Monday, 19 December 2016

Last running day of 2016 at Urmston

We have been remarkably lucky with the weather this year, and I can't recall a Sunday at Urmston missed through bad weather for a long time. Today was no exception; cold, a bit misty at first, but dry.

Lovely pictures by Jason as usual. Please click on any for a larger image.

Last traces of overnight mist at Abbotsfield Park early on Sunday 

Jim prepares his Venezuelan Beyer Peacock Tank Loco as I look on. Lots of visible 'steam' in the low air temperature (steam is actually invisible; however, "steam" as seen here refers to wet steam, the visible mist or aerosol of water droplets formed as this water vapour condenses in the cold air of today). This 'wet steam' was to prove problematic (more of that later) as I drove this locomotive on passenger trains on the main track.

 The Venezuelan Tank simmers on its prep bay as Keith prepares 'The Beast' (Arthur Eve) and Alan works on his rebuilt Royal Scot

Another Beyer Peacock (they all came from Gorton of course), this one a Garrett belonging to Dave (on the right) while another Dave looks on

Keith and 'The Beast' 

George, watching the Venezuelan Tank blow off 

The Venezuelan Tank's flight deck 

The club's electric loco 'Spirit of Urmston' in festive garb 

Me and Keith 

The Venezuelan Tank began its day on the inner track with some of Jim's relatives, visiting from Australia. Later, it was transferred to the main track where I drove it on public passenger trains. 

Alan and his rebuilt Scot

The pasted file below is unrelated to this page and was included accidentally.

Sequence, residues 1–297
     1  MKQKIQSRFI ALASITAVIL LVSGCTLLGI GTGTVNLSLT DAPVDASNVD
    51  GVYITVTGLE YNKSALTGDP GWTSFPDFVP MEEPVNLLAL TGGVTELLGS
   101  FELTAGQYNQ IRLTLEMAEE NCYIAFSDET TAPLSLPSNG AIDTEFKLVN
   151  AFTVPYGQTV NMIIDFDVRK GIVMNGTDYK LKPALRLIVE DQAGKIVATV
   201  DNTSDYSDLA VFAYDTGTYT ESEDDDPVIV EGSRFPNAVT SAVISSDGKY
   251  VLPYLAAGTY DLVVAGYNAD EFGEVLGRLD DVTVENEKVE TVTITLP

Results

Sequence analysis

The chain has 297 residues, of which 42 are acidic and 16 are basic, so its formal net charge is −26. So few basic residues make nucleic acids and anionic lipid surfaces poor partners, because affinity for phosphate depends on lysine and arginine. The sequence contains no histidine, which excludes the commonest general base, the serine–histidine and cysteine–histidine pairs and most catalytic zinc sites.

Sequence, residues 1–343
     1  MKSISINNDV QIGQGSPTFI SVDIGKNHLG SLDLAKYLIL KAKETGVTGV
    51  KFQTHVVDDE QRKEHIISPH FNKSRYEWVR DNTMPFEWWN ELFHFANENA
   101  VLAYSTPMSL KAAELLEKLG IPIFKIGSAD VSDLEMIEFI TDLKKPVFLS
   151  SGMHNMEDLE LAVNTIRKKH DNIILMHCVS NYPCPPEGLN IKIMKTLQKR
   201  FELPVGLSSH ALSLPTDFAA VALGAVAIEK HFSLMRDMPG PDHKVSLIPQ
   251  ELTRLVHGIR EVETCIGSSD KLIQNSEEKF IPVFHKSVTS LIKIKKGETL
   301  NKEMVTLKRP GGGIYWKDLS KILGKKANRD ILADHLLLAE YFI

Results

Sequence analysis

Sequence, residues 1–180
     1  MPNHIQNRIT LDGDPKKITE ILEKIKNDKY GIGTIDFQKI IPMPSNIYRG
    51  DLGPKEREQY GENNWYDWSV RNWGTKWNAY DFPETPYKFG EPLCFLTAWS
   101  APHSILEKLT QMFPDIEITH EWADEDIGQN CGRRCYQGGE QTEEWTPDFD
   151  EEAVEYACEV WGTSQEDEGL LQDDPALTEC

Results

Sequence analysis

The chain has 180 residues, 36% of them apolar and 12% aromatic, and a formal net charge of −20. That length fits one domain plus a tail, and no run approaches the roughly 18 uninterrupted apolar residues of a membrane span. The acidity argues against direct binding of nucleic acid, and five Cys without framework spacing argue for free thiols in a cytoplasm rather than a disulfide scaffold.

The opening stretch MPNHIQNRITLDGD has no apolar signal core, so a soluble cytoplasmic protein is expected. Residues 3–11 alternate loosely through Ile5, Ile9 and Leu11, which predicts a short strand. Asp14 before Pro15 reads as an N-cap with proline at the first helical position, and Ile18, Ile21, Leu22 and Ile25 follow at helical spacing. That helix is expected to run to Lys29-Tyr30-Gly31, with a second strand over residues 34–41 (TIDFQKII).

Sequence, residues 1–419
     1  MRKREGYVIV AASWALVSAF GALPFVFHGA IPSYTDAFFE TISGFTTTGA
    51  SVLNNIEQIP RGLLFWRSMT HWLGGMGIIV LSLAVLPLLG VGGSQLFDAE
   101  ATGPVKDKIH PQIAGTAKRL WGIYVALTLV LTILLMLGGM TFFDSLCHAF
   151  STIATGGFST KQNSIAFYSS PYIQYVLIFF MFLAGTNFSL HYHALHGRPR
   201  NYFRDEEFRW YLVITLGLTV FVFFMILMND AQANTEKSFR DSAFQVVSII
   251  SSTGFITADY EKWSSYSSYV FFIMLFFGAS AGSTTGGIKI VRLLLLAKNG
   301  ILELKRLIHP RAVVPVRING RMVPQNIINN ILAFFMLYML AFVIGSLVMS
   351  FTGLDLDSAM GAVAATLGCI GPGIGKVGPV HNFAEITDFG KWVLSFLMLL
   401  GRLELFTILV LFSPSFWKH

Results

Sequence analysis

'The Beast' attracts attention from some visitors

The cold winter temperatures generate a lot of 'visible steam' as described in the caption to the second picture above. On the move this is blown back into the driver's face making him virtually blind. It's made worse if (as I do) one wears wrap-around protective glasses to prevent ash and grit from the loco's chimney going int one's eyes. The 'steam' condenses onto the cold surface of the glasses rendering them opaque.

One hurtles along driving by 'feel' while trying to peer past the steam (a crosswind helps!) and sometimes has to remove the steamed-up protective glasses to check the line ahead, upcoming signals, and vital objects in the cab such as boiler water level glass and steam pressure gauge. I managed to get a bit of painful grit in my eye on Sunday as a result!

Great fun, though!

Roll on 2017, the year of 'The Jubilee'!


Sunday, 11 December 2016

Christmas lunch today at Urmston

....But the trains were running as usual.

Pictures by Jason Lau. Please click on any for a larger image.

 An ex-member came back today - Lee, a lecturer at Salford University, and his son with a nice Great Western pannier tank loco (a 'Pansy') which he ran on the inner track

Dave and I with his Black Five on a prep bay

Malcolm (above) and me (below) give Eddie's 'Green Five' the once-over. The dome cover and dome top have been removed as work has been done on the regulator valve beneath and a hydraulic test of the boiler revealed a leak at the dome, which is in the process of being attended to.